Characters Are Key

Who would you be sadder to see die: Daenerys Stormborn or Bran Stark?

For me, it’s Daenerys, all the way. I care about her. I’ve rooted for her since we first encountered her. She has a story I have embraced, and I want her to succeed and become queen.

Daenerys-Targaryen-game-of-thrones-23107710-1600-1200

As for Bran, his character (in the TV series, anyway) is so underdeveloped (though with great promise) that I simply don’t care about him. We haven’t been given enough to buy into him emotionally, at least I haven’t. His great knowledge has yet to be shared, and since he became the three-eyed raven, he is cold and aloof from everyone. Will he live, or will he die? Meh. (Even as I write this, I am aware that there could be a HUGE surprise awaiting us where Bran is concerned. Still, as of this moment, I say Meh. I might retract it, I know.)

bran stark game of thrones

Brianne of Tarth, on the other hand, has just been sent into harm’s way. Not Brianne! We want her to marry Tormund Giantsbane and have giant warrior children! They’re not main characters, but oh do we care about them!

When you are writing your characters, whether hero or villain, or even secondary characters, try to make your readers care about them. If readers become invested in your characters, you’ll keep them engaged in your story. If not, it won’t matter how wonderful your story or plot is, the reader will be able to put the book down and walk away.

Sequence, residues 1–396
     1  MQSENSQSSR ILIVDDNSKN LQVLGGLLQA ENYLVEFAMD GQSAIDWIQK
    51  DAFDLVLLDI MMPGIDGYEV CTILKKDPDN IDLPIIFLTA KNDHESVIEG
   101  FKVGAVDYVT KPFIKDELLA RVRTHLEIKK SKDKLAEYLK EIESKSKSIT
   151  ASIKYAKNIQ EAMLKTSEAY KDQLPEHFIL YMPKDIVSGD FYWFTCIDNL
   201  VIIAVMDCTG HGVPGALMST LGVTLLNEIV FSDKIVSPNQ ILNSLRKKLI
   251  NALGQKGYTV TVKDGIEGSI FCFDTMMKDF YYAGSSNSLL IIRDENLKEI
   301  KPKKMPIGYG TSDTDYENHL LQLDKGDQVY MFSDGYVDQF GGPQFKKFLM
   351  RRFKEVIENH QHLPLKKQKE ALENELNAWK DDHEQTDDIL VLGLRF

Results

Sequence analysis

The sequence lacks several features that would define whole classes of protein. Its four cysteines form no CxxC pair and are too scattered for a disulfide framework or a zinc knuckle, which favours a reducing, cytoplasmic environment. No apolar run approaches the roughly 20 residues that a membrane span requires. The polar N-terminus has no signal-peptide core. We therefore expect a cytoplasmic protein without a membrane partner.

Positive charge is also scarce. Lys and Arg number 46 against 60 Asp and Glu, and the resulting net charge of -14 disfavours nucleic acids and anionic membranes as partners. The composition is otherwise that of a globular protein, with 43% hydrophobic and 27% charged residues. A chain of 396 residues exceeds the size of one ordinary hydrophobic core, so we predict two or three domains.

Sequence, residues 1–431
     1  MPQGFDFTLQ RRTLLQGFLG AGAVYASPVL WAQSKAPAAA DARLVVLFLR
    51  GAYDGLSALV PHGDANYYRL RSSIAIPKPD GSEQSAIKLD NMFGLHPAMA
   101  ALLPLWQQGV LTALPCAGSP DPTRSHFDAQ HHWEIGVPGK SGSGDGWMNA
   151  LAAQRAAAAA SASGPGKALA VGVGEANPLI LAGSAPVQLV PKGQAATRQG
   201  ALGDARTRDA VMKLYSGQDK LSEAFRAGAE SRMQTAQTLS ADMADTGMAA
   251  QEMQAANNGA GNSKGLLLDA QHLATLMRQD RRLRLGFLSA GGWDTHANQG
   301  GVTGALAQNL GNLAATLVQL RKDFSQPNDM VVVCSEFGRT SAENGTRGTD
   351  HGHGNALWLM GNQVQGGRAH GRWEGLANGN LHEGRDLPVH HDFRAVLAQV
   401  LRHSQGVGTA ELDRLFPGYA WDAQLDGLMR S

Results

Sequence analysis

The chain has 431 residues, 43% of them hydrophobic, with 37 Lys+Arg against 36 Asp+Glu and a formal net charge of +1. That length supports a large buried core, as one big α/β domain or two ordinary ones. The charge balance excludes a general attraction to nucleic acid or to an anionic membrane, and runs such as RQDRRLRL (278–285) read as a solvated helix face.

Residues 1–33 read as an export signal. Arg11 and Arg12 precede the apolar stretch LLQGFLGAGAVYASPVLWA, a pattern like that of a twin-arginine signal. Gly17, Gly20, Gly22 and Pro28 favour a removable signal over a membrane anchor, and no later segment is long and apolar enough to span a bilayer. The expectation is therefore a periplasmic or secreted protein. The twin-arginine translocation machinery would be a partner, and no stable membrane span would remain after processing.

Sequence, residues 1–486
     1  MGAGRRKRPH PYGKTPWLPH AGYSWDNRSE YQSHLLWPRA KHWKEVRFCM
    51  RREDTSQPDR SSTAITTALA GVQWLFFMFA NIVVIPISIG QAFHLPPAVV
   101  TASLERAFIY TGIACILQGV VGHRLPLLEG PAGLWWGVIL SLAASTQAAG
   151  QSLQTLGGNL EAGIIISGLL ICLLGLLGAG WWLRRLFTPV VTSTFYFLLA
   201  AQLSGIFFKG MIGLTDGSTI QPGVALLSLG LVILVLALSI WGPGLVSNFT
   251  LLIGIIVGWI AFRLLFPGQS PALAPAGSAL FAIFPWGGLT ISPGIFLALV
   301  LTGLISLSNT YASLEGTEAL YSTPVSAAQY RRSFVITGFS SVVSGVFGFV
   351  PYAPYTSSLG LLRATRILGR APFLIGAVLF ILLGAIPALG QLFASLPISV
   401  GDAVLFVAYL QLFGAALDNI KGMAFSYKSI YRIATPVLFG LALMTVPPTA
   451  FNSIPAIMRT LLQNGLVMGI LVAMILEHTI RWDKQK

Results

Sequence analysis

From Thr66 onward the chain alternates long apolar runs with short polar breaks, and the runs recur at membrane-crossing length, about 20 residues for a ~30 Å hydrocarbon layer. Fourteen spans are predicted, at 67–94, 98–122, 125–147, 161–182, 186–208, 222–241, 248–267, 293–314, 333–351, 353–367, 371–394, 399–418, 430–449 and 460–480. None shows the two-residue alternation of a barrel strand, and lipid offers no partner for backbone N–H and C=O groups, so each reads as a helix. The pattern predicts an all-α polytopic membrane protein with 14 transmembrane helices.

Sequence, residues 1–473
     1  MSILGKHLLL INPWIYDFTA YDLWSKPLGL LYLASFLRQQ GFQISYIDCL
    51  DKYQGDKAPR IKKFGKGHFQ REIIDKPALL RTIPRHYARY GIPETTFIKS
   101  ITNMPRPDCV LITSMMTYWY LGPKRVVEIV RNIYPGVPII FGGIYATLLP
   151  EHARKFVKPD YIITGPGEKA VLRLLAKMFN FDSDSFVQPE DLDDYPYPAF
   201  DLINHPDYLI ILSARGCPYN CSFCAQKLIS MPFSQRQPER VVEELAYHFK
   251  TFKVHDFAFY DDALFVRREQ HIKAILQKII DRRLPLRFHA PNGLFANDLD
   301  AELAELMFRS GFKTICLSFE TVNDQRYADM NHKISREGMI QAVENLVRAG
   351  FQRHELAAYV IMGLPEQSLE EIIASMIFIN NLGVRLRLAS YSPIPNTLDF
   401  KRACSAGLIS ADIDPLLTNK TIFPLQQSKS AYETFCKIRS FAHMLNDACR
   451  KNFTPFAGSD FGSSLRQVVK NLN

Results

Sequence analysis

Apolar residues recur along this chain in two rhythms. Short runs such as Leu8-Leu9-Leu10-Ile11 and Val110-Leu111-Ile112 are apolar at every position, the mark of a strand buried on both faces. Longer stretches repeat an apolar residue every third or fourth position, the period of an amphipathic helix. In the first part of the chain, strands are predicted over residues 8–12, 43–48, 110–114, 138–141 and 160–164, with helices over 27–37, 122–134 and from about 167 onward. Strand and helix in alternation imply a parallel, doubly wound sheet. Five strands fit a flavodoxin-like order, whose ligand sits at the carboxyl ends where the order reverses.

We recently watched “Rectify” on TV. The characters were so engaging, even damaged, that we found ourselves talking about them as though they were real, discussing their reactions and fears, eager to watch the next episode to know how they were getting on. Now that’s good writing!

Even less-dramatic shows, such as “Better Call Saul,” can have us caring when someone does a favorite character evil. Are the stories unique and memorable? Not always. But they make us care about the characters and remember the plot because of those characters.

In your writing, do your best to bring your characters alive. Make your readers invest in them. Good or evil, your characters will make you story memorable.

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